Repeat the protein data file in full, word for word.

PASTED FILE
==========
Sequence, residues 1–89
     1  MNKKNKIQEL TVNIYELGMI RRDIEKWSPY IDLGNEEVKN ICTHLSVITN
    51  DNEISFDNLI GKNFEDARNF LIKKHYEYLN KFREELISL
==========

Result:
Sequence, residues 1–89
     1  MNKKNKIQEL TVNIYELGMI RRDIEKWSPY IDLGNEEVKN ICTHLSVITN
    51  DNEISFDNLI GKNFEDARNF LIKKHYEYLN KFREELISL